What Should You Know to Save on Gym Memberships?

by David Ning · 4 comments

Every now and again, everyone will want to lose weight, meaning that they will flock to the gyms to try and fulfill their goals. Of course, we know how that usually ends but it also means that people will also have to try and figure out how to fit gym memberships into their monthly budget. Is it possible? Absolutely.

Assess Your Needs

Nothing will cost you more than joining more gym than you need. What does that mean? If your goal is to get on a treadmill three times a week and that’s all, there is no reason to join a full service gym with pool, classes, and a parade of personal trainers. Not only will you pay more, chances are you are going to feel inadequate as well when faced with people who consider gym time a way of life.

Determine what kinds of exercise you intend to do, how often you will attend and whether you want assistance to develop a good, productive routine. If you are never going to use the pool, then why pay for it? If the gym you join has one, then you are paying for it no matter what. In my area a monthly membership at the full service gym is $39 a month, the one that has no pool or racquetball courts is only $19 a month, a $240 a year savings.

Consider Your Personality

Getting to the gym is particularly challenging for women. Body issues appear front and center, so finding the right gym involves more than finding one that isn’t too expensive, it also means one that feels comfortable.

If you want a place where people focus on body building; search for a gym that caters to that crowd. Looking for a place where yoga is tops? They exists too. A gym where everyone knows your name and is friendly may be great for some, but not for those who just want to get in and get out. If your gym isn’t a good match, then it’s just money wasted because you won’t go.

Look for Promotions

Promotions are available throughout the year because so many people are searching for gyms. Discounted monthly rates, waived registration fees, and free second memberships for your partner are all common incentives.

Almost every gym will offer a trail of 7-14 days as well. Make sure you try out a gym and see how things work before you commit. You can get quite a few weeks of free gym time this way, if you don’t mind the phone calls and e-mails you get as a follow up.

Remember, once you are in the doors they want you to sign their contract. If you definitely know which gym you want to join, negotiate. Almost every fee is negotiable, so don’t just agree to something that will cost you more money.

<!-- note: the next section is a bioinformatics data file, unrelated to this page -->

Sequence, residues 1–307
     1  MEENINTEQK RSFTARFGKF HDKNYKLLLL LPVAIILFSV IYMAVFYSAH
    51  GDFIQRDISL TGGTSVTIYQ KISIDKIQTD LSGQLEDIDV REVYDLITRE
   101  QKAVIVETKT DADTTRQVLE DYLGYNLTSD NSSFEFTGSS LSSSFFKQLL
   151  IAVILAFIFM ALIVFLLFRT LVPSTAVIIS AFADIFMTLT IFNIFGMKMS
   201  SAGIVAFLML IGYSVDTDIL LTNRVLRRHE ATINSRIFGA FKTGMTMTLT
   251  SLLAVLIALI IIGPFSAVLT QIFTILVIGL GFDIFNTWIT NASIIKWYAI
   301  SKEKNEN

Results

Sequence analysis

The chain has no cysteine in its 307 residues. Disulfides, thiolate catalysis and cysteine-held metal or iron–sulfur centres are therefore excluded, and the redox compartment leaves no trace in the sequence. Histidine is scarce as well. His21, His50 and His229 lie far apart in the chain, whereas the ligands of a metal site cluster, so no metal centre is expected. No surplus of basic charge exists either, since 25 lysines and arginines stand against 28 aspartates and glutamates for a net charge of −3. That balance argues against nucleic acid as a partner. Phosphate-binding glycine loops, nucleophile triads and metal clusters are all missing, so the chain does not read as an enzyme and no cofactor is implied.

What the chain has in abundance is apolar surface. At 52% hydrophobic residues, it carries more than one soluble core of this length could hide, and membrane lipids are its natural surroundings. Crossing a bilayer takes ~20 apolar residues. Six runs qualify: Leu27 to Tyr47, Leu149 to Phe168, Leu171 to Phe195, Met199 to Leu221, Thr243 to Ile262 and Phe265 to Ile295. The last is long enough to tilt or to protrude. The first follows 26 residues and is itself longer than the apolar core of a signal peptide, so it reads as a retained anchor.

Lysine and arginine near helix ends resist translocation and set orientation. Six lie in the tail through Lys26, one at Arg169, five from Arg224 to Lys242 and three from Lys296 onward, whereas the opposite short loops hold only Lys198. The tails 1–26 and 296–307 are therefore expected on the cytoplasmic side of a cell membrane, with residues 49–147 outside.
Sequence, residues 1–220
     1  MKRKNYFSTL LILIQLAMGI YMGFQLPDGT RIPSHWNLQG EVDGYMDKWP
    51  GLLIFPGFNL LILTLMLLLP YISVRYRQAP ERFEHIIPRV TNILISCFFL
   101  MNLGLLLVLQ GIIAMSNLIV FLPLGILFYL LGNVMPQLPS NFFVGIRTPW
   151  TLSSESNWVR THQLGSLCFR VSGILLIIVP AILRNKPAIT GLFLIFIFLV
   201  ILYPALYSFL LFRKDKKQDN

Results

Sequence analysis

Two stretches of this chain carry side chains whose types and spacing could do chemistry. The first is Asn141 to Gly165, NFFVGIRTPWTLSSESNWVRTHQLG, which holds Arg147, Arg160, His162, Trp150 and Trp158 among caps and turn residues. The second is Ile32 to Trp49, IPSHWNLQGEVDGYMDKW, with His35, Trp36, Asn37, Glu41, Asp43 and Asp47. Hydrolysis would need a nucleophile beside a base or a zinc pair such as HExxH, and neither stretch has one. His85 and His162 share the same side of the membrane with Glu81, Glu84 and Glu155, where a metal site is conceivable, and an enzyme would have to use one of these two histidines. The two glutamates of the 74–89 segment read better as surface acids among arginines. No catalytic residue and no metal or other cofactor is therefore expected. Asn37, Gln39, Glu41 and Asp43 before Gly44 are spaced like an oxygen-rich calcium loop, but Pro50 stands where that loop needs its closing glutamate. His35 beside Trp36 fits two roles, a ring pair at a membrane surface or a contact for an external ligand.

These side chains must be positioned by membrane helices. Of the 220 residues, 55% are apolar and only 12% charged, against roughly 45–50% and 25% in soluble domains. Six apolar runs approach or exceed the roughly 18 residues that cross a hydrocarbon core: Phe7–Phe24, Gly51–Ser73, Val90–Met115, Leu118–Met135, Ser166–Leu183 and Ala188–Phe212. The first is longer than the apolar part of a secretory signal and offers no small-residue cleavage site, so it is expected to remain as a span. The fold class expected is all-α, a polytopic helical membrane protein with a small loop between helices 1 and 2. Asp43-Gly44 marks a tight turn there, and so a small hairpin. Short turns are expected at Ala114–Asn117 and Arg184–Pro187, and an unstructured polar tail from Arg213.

Is it Cheaper at Home?

The appeal of a gym is that it is a group activity and you can partner up with other people to boost your enthusiasm. If you are short on time and don’t feel like sweating in a group, you might want to consider investing in a couple of pieces of equipment and working out at home.

Gym memberships are one of those luxury items that you become attached to very quickly. Before you shell out your hard earned cash, make sure you will get good value for your money.

This is a piece from our ever expanding How to Save Money on Everything ebook. Check it out for free by signing up for the frugal email newsletter.

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{ 4 comments… read them below or add one }

20 and Engaged July 2, 2011 at 7:59 am

Another tip is if you get a membership, USE IT! I had my membership for a year and a half and can count on two hands how many times I went, yet I was paying for it every month. Don’t let that money go to waste.

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Icarus July 2, 2011 at 2:27 pm

On the subject of using the membership and comparing costs, it could be worth it to pay for a more expensive membership IF the gym is closer to your home or work.

Years ago I was a member at a gym that I would pass during my commute home so it was easy to stop off and workout on the way home, even though the membership was slightly more than the YMCA which was further away. But I used it almost every day. When I changed jobs I switched to the YMCA but didn’t start using that gym until recently.

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Sandy July 5, 2011 at 5:32 am

Also, maybe your employer would be willing to pay the gym membership, or at least a percentage, as an additional benefit. Mine does!

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Marcia July 7, 2011 at 9:21 am

And be willing to switch when your life changes. I have a very cheap gym membership. But right now, I am interested in a bigger gym with a larger pool, more classes, and activities for my 5 year old. I think the $100/month YMCA is going to be our next step. I tested it out for a month and really liked all of the morning classes.

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